Students pitched policy proposals to bipartisan judges and former U.S. Senators in IOP/Harris challenge.

“Can You Solve America’s Student Debt Crisis?” the Institute of Politics (IOP) and Harris School of Public Policy asked, challenging students from across the University of Chicago to answer the question in a new Shark Tank-style competition that involved bipartisan judges, two former U.S. Senators, a financial reward, and the chance to present solutions to legislators in Congress.

IOP Speaker Series Director Jennifer Steinhauer
IOP Speaker Series Director Jennifer Steinhauer

Thirteen teams jumped in, including eventual winners Emily Barnett, Graham Harwood (both MPP Class of ’23), and Robert Callahan, a 2023 University of Chicago MA candidate (Committee on International Relations).  

Student debt is an issue that the friends have frequently discussed, said Barnett, who reached out to Harwood and Callahan after getting an email about the IOP/Harris challenge last fall. 

“I knew that we might not have the same opinions because we all had very different experiences as undergraduates,” she said. “But Graham and Rob have a lot of strong opinions and I knew that this was something that I could speak passionately about. It was a unique opportunity to get to work with your friends on something you care about.”

The policy pitch that the three-member team crafted calls for moving all student loans to a revamped income-based repayment plan that is linked to what a person studies, is capped at 5% of discretionary income, and is interest-free. It also includes a loan forgiveness incentive funded by the federal government and universities. 

They each won $500 and their idea, along with those of the other two finalist teams, is being shared with US senators working on both sides of the aisle to solve the nation’s $1.6 trillion student debt problem.

“What people brought to the challenge was so extraordinary — and better than a lot of stuff that you see come out of the U.S. Congress,” said IOP Speaker Series Director Jennifer Steinhauer, who reported on Congress for The New York Times before joining the IOP last year. “It was hard work and these students have so many competing demands on their time. It was gratifying that we had as many teams as we did, and we hope to continue that trend with future challenges.”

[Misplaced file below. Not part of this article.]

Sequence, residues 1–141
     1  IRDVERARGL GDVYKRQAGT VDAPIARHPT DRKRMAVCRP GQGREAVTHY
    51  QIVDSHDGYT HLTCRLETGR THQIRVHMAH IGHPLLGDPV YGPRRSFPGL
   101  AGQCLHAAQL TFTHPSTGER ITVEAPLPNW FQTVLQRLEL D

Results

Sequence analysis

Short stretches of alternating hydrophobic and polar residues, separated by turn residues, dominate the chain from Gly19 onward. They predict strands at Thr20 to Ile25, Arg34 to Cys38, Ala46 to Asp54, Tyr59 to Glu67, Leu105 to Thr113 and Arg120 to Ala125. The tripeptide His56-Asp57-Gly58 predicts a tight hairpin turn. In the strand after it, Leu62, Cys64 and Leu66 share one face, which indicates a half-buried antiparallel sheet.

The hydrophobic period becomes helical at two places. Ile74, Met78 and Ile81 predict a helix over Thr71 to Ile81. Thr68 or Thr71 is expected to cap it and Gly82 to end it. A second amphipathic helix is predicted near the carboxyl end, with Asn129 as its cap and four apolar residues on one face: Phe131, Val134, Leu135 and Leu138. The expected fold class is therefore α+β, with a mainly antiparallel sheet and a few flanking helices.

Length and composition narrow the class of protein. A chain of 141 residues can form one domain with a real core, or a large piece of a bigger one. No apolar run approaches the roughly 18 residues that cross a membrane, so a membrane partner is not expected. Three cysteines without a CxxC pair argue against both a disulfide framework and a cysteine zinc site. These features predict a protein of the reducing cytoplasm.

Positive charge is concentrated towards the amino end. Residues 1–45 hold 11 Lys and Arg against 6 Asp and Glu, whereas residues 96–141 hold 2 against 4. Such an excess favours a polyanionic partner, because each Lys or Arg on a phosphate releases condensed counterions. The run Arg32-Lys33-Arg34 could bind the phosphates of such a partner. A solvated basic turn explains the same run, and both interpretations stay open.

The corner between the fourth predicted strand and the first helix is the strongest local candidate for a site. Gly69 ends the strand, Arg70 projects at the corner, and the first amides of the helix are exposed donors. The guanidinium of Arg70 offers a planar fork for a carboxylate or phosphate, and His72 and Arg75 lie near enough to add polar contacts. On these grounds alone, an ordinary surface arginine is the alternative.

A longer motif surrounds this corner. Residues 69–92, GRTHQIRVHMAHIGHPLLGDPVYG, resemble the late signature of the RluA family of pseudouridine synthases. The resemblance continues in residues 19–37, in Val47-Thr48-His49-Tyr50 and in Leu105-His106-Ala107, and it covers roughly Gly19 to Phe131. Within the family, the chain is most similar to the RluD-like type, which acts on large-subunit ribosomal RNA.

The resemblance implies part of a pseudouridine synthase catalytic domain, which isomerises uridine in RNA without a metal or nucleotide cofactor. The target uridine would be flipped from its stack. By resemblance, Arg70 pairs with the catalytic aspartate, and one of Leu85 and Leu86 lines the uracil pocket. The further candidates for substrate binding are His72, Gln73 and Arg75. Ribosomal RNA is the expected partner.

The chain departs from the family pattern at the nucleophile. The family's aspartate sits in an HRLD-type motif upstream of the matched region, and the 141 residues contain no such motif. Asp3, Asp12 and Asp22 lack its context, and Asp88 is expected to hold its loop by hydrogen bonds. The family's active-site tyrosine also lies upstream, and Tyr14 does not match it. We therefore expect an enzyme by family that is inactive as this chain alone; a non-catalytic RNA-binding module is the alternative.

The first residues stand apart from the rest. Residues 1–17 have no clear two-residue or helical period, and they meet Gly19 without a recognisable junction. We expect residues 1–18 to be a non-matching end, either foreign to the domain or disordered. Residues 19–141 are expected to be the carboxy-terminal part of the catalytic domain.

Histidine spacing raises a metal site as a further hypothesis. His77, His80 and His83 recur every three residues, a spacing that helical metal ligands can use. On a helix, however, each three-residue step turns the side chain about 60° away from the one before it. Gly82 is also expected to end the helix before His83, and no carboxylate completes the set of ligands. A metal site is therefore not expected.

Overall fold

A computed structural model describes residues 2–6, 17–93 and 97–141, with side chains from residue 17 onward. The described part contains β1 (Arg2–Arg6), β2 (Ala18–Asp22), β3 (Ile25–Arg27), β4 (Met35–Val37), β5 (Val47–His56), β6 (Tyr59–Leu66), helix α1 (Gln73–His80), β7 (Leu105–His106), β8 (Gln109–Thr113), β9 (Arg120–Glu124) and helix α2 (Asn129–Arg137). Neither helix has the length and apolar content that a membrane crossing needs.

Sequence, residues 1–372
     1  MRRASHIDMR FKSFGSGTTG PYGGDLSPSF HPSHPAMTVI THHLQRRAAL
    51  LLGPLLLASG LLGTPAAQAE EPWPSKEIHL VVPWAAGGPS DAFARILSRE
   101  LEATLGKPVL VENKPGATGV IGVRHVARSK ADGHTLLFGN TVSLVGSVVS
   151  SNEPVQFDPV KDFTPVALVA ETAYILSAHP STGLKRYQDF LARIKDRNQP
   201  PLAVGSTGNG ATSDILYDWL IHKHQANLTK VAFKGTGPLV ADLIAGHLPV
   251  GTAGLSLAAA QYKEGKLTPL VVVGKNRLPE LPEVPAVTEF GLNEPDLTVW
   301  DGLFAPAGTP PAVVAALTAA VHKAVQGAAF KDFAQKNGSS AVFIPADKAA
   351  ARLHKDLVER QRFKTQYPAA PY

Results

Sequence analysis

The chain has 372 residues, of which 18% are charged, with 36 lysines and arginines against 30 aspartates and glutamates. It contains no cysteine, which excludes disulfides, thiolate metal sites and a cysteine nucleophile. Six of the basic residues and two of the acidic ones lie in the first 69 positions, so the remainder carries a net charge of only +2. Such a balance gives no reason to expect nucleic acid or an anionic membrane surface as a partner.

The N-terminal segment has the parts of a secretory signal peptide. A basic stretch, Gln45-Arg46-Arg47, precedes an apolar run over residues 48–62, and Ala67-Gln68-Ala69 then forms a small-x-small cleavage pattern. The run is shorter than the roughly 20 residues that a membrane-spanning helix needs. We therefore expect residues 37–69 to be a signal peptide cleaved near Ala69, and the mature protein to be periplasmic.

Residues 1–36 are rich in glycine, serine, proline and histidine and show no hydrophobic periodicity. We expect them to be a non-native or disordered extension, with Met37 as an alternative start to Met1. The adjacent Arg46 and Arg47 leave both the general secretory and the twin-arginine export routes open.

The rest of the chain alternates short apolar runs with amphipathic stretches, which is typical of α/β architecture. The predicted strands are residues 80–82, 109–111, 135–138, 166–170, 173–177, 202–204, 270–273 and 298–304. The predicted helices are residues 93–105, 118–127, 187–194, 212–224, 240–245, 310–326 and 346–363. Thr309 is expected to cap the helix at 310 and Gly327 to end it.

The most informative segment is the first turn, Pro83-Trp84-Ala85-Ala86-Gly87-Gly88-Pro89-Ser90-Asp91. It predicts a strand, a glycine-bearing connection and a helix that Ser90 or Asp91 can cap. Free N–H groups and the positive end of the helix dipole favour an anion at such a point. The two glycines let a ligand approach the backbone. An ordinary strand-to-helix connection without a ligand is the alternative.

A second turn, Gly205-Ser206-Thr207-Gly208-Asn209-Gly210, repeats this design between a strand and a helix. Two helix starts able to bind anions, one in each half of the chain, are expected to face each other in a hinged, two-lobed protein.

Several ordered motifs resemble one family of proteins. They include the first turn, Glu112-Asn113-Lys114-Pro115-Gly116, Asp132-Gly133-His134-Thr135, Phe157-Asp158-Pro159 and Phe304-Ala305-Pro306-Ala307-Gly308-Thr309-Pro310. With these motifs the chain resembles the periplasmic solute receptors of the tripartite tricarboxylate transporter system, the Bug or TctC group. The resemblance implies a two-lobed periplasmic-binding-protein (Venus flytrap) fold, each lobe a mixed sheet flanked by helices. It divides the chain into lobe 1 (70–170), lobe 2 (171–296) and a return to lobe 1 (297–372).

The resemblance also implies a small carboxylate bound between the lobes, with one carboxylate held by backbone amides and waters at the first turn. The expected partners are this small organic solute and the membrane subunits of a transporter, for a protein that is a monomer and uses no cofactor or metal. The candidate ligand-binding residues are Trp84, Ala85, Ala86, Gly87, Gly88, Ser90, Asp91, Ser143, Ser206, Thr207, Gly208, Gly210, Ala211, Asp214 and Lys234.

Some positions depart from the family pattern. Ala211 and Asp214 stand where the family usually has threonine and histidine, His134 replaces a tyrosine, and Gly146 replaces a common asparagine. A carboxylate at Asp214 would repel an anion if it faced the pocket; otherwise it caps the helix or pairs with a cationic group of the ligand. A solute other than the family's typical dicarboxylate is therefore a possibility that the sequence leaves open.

For this challenge, the IOP and Harris invited teams of undergraduate and graduate students to outline, in two pages or less, “a way to make a meaningful difference in college affordability,” including how they’d get their idea paid for and passed by Congress, either with bipartisan support or via the one-party reconciliation process.

photo of judges Trudy Vincent and Laura Dove
Laura Dove and Trudy Vincent judge the first round of pitches

IOP Pritzker Fellows Laura Dove, the former U.S. Senate secretary for the majority, and former US Sen. Doug Jones, D-Ala., provided mentoring and answered students’ questions during their office hours. Dove and Trudy Vincent, the university’s associate vice president for federal relations, judged the first round of three-minute pitches during a Nov. 2 dinnertime event at the Keller Center’s Sky Suite, choosing three teams for the final round two days later. 

“We have similar backgrounds in terms of working on the Hill for a long time,” Dove said of Vincent. “But she's a longtime Democrat and I’m a longtime Republican. So, the fact that we both decided we wanted to advance the same group was good.”

On Nov. 4, new IOP Director Heidi Heitkamp, a former U.S. Senator herself, dug in, asking tough questions, providing feedback, and selecting the winner.